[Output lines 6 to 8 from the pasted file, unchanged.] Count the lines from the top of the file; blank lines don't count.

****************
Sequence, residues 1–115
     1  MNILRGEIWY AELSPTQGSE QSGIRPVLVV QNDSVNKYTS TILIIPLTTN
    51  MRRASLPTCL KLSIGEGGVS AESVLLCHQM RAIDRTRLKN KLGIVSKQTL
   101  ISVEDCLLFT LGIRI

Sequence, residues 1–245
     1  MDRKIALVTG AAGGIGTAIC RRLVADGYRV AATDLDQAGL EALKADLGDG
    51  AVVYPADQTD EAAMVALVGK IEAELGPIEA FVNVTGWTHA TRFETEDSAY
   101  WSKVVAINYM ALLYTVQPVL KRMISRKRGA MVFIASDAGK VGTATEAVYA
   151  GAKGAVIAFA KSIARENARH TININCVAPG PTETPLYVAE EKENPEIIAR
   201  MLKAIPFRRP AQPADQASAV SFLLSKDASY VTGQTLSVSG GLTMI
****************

     1  MDRKIALVTG AAGGIGTAIC RRLVADGYRV AATDLDQAGL EALKADLGDG
    51  AVVYPADQTD EAAMVALVGK IEAELGPIEA FVNVTGWTHA TRFETEDSAY
   101  WSKVVAINYM ALLYTVQPVL KRMISRKRGA MVFIASDAGK VGTATEAVYA